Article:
Trophies on both ends of the spectrum
As hunters and fishermen we all have our own idea of what constitutes a trophy. Each individual has a different outlook or criteria that they measure their game against. There are even standardized organizations whose sole purpose is dedicated to tracking, scoring, and defining what they have established as being trophy class game or fish. Clubs like Boone and Crockett, Pope and Young, International Game Fish Association, Safari Club International just to name a few. For many folks the very definition of a “trophy” means different things but no matter whom you are but they all have one thing in common and that’s the lifelong memory that accompanies your “trophy”.
One guy who certainly has seen his share of trophies is Precision Archery owner Donnie Pickard. Over the years Pickard has seen far more than his share of trophies both in the wild and in his shop. Hunters from all over the country frequent his shop in Bridge City where Pickard and the staff treat everyone with the same courteous service that has become their calling card. Customers will often come in to the shop to share pictures of the animals they have taken with their bows and recount their stories. Here recently after a trip to Kansas Pickard has been telling the stories instead of listening. As a tremendously accomplished archer and hunter it means a lot to hear Pickard say words like “career best” when describing a trophy anything, much less a whitetail deer. After many years in the field Pickard reached some rare air when he took a 176 inch class genuine Kansas giant of a buck last week. Pickard took the 280 pound deer at 30 yards with his Bowtech RPM 360. Pickard’s buck is just an amazing deer with tall tines and mass throughout the rack. An amazing deer by anyone’s standards, especially one with the credentials Pickard possesses.
Now on the far other end of the trophy spectrum are the ones called “firsts”. These are perhaps the most memorable moments in hunter or fisherman’s career. Ask any outdoorsman about their first hunt or first fish they caught and most can recite with great detail the story without any hesitation. This past weekend I got be part of one of those “firsts” and it was an absolute blast. Six year old Slade Landry and his dad Chad Landry of Bridge City accompanied me in the duck blind for the Louisiana Youth only weekend hunt. Slade was pretty fired up about the whole event and that made it even more special. These hunts often help put things in perspective so to speak because you learn to appreciate a few of the things you may have been taking for granted. As we got situated in the blind and waited for shooting light the birds put on a show. Slade sat wide eyed listening to the different ducks call in their various tones as they buzzed the blind and occasionally plopped down in the decoy spread. After we settled on a duck to shoot I handed Slade a small .410 shotgun that I had originally bought for my son to shoot and have since let several other young hunters use to start their careers. The blue wing drake swam out in front of the blind and Slade did the rest. A new hunter was made at that moment along with a memory that the three of us will never forget. Slade managed to bag one more bird before we called it a morning and left to celebrate over breakfast. For many hunters those two birds were just that, two birds. For Slade those birds may as well have been double banded mallards because they were that special. I was more than proud to be a part of the whole experience and I certainly look forward to the next hunt.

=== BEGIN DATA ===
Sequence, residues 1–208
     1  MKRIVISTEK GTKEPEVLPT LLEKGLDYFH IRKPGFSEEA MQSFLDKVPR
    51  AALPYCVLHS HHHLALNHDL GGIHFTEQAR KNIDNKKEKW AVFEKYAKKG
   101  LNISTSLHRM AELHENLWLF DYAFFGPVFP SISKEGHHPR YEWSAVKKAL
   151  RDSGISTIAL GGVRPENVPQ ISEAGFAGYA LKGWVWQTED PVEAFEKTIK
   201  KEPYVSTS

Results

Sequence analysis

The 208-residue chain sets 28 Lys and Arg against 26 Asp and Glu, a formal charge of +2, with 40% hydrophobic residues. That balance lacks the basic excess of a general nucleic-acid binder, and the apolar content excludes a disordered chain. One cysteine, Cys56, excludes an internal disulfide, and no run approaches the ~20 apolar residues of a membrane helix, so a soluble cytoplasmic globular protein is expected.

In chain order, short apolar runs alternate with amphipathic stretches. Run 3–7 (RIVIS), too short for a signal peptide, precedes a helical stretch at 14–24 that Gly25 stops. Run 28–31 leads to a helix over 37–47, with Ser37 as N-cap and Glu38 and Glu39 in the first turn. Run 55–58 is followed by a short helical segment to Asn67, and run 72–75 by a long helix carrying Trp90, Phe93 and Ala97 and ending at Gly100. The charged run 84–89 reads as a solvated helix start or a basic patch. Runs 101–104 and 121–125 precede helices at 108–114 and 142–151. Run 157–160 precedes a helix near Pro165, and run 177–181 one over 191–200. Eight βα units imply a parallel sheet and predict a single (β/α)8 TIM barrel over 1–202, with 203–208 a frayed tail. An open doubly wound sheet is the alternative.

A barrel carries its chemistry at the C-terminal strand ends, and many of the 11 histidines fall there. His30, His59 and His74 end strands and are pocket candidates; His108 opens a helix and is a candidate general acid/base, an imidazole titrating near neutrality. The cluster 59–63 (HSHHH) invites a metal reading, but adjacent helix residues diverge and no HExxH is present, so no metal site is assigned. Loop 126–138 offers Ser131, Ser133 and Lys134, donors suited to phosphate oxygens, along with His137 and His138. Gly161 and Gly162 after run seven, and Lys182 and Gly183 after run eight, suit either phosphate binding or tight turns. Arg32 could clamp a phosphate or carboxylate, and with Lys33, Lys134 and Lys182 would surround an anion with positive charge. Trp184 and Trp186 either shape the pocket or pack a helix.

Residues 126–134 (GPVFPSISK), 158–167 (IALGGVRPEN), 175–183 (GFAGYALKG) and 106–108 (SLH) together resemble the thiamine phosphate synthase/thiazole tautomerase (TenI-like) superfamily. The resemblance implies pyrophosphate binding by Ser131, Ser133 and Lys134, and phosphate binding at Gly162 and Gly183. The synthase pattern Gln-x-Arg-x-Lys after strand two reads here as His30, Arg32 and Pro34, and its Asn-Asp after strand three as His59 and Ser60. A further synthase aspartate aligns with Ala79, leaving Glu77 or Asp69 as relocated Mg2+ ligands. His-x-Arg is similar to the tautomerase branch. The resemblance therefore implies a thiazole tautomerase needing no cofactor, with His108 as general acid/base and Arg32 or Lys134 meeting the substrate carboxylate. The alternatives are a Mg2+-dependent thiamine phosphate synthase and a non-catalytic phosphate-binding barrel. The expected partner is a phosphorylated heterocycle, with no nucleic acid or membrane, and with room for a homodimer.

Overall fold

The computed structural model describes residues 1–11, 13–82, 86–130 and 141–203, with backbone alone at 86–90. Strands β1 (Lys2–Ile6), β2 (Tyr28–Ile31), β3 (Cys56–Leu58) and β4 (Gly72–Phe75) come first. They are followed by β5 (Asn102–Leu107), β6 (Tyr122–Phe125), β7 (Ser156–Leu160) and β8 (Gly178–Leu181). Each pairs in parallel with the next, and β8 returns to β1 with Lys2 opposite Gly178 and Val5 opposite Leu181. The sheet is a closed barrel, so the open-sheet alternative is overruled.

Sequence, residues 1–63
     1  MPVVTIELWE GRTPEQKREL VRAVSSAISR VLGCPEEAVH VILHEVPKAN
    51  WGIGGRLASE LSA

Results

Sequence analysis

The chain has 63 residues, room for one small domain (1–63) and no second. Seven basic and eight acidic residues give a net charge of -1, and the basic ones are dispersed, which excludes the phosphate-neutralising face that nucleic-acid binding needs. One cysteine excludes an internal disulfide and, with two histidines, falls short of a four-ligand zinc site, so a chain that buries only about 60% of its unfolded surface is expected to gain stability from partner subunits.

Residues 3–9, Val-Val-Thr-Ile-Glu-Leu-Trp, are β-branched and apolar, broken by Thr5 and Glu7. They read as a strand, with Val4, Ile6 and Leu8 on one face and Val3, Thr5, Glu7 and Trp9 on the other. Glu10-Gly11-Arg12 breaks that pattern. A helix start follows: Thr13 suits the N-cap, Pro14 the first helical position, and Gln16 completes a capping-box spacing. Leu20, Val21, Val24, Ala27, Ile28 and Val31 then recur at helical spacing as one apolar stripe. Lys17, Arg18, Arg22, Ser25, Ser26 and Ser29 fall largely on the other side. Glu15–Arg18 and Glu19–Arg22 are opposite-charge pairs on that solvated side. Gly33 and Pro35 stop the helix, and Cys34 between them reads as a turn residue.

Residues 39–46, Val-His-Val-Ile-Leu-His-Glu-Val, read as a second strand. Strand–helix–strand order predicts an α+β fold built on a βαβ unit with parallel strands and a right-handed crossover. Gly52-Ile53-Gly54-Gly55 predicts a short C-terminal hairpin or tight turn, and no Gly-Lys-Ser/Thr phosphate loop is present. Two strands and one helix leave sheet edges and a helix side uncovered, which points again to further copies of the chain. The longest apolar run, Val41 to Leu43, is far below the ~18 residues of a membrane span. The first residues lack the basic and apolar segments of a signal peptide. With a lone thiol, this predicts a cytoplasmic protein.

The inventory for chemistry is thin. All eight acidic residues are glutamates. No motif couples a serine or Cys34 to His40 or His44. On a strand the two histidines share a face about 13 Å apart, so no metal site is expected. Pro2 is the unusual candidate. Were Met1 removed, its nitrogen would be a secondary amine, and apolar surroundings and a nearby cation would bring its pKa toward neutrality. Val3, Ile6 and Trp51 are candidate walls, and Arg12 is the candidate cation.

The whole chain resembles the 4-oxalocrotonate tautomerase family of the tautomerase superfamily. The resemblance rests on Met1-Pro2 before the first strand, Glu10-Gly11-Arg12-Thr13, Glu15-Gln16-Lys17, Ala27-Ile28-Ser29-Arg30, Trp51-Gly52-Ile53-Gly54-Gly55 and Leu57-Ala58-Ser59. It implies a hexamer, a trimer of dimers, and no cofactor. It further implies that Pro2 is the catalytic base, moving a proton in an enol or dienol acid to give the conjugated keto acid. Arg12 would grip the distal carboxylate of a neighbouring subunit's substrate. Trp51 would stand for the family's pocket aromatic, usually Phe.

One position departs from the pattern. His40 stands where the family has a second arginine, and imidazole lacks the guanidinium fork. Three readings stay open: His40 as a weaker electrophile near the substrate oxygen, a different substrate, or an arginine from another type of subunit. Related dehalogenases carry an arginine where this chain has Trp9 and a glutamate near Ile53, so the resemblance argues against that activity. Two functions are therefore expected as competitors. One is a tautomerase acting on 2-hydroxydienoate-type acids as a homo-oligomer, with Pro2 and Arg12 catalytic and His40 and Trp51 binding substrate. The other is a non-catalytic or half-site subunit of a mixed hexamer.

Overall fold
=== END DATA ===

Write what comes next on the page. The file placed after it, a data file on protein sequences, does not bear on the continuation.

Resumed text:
As I write this column the weather is on the verge of changing and every hunter I know is more than excited about the weekend prospects. A highly anticipated push of new birds may make this weekend an epic event. Hopefully it’s the kind of weekend that allows us all to make some good memories and take our own versions of a trophy.